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Browsing named entities in The Daily Dispatch: March 2, 1861., [Electronic resource].

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Abraham Lincoln (search for this): article 1
ent — interview between Senator Douglas and Mr. Lincoln--the Southern Confederacy--a Northern Senat Interview between Senator Douglas and Mr. Lincoln. A Washington dispatch to the New York of an interview between Senator Douglas and Mr. Lincoln: The appearance of Judge Douglas earl citizen of a common country, go at once to Mr. Lincoln and appeal to him also to yield up somethinnything, and communicated his desire to see Mr. Lincoln to another friend of the latter, who conducted the Judge to Mr. Lincoln's parlor. Mr. Lincoln was receiving the Pennsylvania Congressional deMr. Lincoln was receiving the Pennsylvania Congressional delegation. Consequently Mr. Douglas withdrew until the Interview ended, when Mr. Lincoln seat a mesMr. Lincoln seat a message for Mr. Douglas. The latter informed Mr. Lincoln that he had sought this interview at the ris worth a rush How the Conspiracy against Lincoln was discovered. The New York Herald furniole terrible conspiracy against the life of Mr. Lincoln. which compelled him to resort to the Scot[3 more...]
the Corwin amendment — interview between Senator Douglas and Mr. Lincoln--the Southern Confederacyyeas 128, nays 65. Interview between Senator Douglas and Mr. Lincoln. A Washington dispatcowing particulars of an interview between Senator Douglas and Mr. Lincoln: The appearance of Judge Douglas early Tuesday evening in close conversation with the confidential friends and adviserountry and the salvation of the Union. Mr. Douglas found that the Convention was truly on the nia Congressional delegation. Consequently Mr. Douglas withdrew until the Interview ended, when Mr. Lincoln seat a message for Mr. Douglas. The latter informed Mr. Lincoln that he had sought this s in the Conference, and save the country. Mr. Douglas did not desire Mr. L. to explain his views stened respectfully and kindly, and assured Mr. Douglas that his mind was engrossed with the great is friends, and, it is said, the appeal of Judge Douglas was the subject under discussion. What th
Montgomery (search for this): article 1
ich he is undoubtedly entitled at the hands of Mr. Lincoln, whose life he so miraculously preserved. The Southern Confederacy. The Montgomery correspondent of the Columbus Times, writing on the 25th, sends the following intelligence: The following advertisement from the Advertiser of yesterday morning, will show that the Treasury branch of the Government is now in operation. H. D. Capers, I learn, is Chief Clerk: Confederate States of America, Treasury Department, Montgomery, February 23, 1861. This Department is now ready for the transaction of business. The Secretary will be found at the Executive Building, corner of Commerce and Bibb streets. Gen. Davis on yesterday attended divine service at the Episcopal Church. I learn that the President daily receives letters from Maine, Connecticut, and other New England States, which, doubtless, contain terrible threats, with a view of menacing and scaring the Southern Government. Fortunately, Mr. Davi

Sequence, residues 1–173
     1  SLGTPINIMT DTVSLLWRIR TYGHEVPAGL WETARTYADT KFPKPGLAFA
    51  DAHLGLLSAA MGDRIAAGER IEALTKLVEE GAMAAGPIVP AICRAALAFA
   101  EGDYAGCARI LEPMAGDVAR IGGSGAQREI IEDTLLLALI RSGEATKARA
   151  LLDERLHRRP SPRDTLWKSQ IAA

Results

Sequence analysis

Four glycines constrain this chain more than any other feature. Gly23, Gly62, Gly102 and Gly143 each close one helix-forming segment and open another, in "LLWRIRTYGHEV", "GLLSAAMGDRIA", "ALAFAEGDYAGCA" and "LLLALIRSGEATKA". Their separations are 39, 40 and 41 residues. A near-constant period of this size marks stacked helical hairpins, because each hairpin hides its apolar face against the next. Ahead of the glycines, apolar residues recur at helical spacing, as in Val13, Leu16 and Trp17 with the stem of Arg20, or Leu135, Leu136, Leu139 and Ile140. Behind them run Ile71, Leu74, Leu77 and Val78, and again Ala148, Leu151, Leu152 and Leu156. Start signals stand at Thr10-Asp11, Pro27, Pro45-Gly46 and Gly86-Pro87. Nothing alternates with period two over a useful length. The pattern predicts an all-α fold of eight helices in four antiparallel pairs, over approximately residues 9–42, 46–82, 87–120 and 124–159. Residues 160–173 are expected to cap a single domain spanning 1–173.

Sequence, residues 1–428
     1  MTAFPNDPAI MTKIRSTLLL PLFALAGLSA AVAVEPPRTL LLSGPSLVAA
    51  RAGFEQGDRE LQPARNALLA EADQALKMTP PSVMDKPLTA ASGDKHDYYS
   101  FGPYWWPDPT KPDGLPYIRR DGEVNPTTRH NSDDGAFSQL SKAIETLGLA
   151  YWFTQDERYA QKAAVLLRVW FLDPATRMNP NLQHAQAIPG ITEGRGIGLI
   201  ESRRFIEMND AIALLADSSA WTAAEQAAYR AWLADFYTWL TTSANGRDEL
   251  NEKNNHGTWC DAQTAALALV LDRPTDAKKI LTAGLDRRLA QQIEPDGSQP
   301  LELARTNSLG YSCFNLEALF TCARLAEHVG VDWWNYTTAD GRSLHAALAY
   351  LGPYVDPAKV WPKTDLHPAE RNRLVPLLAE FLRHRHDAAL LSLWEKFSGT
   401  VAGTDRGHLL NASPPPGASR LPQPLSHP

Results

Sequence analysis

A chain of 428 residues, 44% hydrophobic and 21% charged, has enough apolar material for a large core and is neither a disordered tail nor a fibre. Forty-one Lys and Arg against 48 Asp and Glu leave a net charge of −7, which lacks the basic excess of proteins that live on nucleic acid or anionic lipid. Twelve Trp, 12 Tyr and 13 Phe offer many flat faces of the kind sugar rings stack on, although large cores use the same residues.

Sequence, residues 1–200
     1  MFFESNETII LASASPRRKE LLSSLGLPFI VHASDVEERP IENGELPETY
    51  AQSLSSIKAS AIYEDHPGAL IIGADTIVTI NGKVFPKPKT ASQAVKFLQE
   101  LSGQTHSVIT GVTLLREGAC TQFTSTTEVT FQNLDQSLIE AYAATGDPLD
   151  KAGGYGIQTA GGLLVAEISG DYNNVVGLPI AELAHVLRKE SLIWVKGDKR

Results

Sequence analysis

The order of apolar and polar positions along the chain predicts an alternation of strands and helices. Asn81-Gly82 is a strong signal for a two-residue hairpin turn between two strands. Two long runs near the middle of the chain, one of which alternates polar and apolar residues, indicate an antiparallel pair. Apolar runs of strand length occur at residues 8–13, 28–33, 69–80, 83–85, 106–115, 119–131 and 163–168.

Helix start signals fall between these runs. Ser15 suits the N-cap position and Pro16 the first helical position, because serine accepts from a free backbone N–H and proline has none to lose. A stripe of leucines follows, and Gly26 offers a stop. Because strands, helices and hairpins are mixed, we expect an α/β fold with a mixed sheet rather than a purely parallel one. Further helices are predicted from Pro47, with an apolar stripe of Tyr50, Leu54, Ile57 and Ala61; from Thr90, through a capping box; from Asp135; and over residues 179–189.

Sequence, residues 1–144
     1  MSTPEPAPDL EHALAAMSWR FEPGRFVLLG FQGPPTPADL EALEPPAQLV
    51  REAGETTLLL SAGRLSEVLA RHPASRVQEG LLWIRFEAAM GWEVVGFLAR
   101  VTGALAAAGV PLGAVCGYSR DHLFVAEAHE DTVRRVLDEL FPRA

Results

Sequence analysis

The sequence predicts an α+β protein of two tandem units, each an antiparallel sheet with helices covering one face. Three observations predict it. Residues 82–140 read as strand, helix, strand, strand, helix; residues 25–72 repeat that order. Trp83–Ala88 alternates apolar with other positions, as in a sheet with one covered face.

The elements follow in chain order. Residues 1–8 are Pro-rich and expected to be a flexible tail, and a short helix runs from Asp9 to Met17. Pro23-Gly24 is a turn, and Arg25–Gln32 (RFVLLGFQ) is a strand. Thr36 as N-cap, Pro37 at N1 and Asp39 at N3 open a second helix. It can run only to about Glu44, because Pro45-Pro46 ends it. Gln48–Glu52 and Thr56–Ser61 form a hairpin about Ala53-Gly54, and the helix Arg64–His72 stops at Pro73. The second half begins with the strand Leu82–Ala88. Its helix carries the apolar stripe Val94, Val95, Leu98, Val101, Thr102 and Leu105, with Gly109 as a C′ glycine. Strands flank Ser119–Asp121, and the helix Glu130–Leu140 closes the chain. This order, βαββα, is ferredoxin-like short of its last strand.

C. G. Memminger (search for this): article 1
al for Cabinet appointments, their total exclusion cannot be regarded other wise than as proscription on account of their course previous to the secession issue. The new Government, we believe, has made a great error by this exclusive promotion of a particular party — a party that was in a minority in two of the seceding States. It has, however, several very excellent and able men in its administrative departments, and we may yet hope from them a repudiation of the partisanship that appears to have influenced their own selection. Such men are Hon. C. G. Memminger, of South Carolina, and Hon. L. P. Walker, of Alabama, gentlemen who have ever exhibited an independence of party in emergencies requiring devotion to their country lone. Captain Armstrong. The result of the Court of Inquiry in the matter of Capt. Armstrong has been the ordering a Court-Martial for his trial for surrendering the Navy-Yard at Pensacola. The officers to compose the Court have not yet been named.
. The Columbus (Geo.) Enquirer is not satisfied with the Cabinet appointments of "President" Davis. It says they are objectionable on the score of their exclusive party character: Every member of the Cabinet, we believe, was a Breckinridge Democrat and an original Secessionist. The Bell and Douglas men have been entirely excluded from a share in the administration of the new Government.--Even such men as George W. Crawford, of Georgia, and Thomas H. Watts, of Alabama, who supported Bell but sustained secession as soon as it was made an issue, are passed by, and politicians of less ability and influence with the people selected. Presenting, as the Bell and Douglas men did, such fine material for Cabinet appointments, their total exclusion cannot be regarded other wise than as proscription on account of their course previous to the secession issue. The new Government, we believe, has made a great error by this exclusive promotion of a particular party — a party that was in a